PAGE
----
Braves' late rally falls short

Ramirez struggles; late rally falls short

PHILADELPHIA -- Even after staging a late rally that made things appear much closer than they really were, the Braves still had to admit they were thoroughly dominated by Brett Myers at Citizens Bank Park on Saturday afternoon.

Unfortunately, they, too, had to realize they had just seen Horacio Ramirez encounter another inconsistent performance that halted his recent string of encouraging success.

Ramirez's multiple two-out mistakes, combined with the mastery of Myers, allowed the Phillies to claim a 6-3 win that would have appeared much more dominant had the Braves not shown a pulse during a three-run ninth inning.

"That's one of the better pitching performances I've seen against us all year," Braves manager Bobby Cox said. "[Myers] was just absolutely dynamite."

Myers limited the Braves to just one baserunner through the first eight innings and had retired 20 straight before Wilson Betemit and Julio Franco began the ninth inning with consecutive singles. A wild pitch and Marcus Giles two-run single later got the Braves right back in the game, but it wasn't enough.

It was a different Myers than the one who had lost both of his previous two starts against the Braves this year. Instead of trying to pitch them away, he spent much of his time trying to jam them with inside fastballs.

Unfortunately for Ramirez, who allowed six earned runs and eight hits in just 4 2/3 innings, he wasn't getting the same type of complimentary comments from his manager.

"He was inconsistent today," Cox said. "He made too many bad pitches."

Ramirez, who had won his previous four decisions and each of his past three starts, was the first to admit Cox was completely correct to provide what for him was harsh commentary. The 25-year-old southpaw knew allowing five two-out runs was an offense that couldn't be forgiven.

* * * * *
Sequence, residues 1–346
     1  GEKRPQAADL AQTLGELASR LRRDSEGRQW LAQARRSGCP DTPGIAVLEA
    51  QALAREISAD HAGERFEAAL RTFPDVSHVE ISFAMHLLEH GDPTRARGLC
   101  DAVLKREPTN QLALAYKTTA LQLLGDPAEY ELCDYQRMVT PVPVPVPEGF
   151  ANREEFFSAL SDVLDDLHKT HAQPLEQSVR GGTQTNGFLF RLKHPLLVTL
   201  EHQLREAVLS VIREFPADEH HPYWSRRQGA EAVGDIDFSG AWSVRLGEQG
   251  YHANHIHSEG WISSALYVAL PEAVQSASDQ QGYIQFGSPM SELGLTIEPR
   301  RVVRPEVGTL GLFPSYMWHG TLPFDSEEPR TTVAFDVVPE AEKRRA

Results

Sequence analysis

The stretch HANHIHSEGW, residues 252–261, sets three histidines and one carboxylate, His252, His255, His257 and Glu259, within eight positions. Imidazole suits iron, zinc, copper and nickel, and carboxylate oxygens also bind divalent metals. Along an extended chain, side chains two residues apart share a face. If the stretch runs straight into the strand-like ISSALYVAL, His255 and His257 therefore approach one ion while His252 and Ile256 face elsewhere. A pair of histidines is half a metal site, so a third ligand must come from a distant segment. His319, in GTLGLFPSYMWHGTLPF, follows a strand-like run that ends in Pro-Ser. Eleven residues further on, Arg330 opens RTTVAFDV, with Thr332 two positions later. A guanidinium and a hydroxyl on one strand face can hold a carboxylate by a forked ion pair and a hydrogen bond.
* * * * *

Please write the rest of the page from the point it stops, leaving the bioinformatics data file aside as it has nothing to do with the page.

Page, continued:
"I didn't pitch that well today," Ramirez said. "When I needed to make a pitch, I didn't make one. That was evident with the final score."

After the Braves sliced the Phillies' advantage, veteran closer Billy Wagner retired the only two batters, Andruw Jones and Brian Jordan, he faced to end the ninth and preserve the dominance of Myers, who allowed three earned runs and four hits in 8 1/3 innings.

"[Myers] was solid," Giles said. "He just used both sides of the plate. Later in the game, he started mixing his curveball in there. That kind of threw a wrench into our spokes."

Ramirez's performance came at a bad time, because it had appeared he was ready to carry some of the load with three of his fellow starting pitchers on the disabled list. In his pervious two starts, he had allowed just one run and totaled 12 innings.

"I'm surprised I had one like this," Ramirez said. "You don't go out there thinking you're going to go 4 2/3 [innings] and give up six runs. The past two games I felt were the best two of the season for me. I was expecting to come in here, go deep into the ballgame and keep the team in it."

"That's one of the better pitching performances I've seen against us all year. [Myers] was just absolutely dynamite."
-- Bobby Cox on the Phillies' Brett Myers

Other than the fact Ramirez has now surrendered a team-high 16 homers in his 16 starts this year, Pat Burrell's second-inning leadoff home run didn't cause near the disgust as the other run-producing hits the southpaw surrendered.

Ramirez issued a two-out walk to Jimmy Rollins, who promptly stole second base and scored on Jason Michaels' third-inning, two-out RBI single. The bottom of the fourth began with Chase Utley getting hit by a pitch. He later advanced to third base on a double-play groundout.

But after issuing an intentional walk to Todd Pratt, Ramirez left a fastball down the middle for Myers to deliver a single into right field that scored Utley.

"Things just didn't go well for me today," said Ramirez, whose inability to control the inside part of the plate against right-handed batters proved very costly.

The big blow against Ramirez came in the fifth inning when his 0-1 delivery to David Bell was deposited into the left-center-field seats for a three-run homer. Ramirez began that inning by walking Michaels.

"The minute you think he's getting it going in a ballgame, he makes a bad pitch," Cox said. "He's got to get it together."

While Ramirez had been at his best in his previous two starts, Myers had actually been at his worst. He entered the game having allowed 13 earned runs in his previous 7 1/3 innings. But while winning for the first time in four starts against the Braves this year, he looked like an All-Star.

Adam LaRoche's second-inning one-out single provided the Braves their only baserunner through the first eight innings. In addition, just five of the first 25 batters Myers faced managed to hit the ball into the outfield.

"Everything he had, as far as I know, was working," Cox said.

Mark Bowman is a reporter for This story was not subject to the approval of Major League Baseball or its clubs.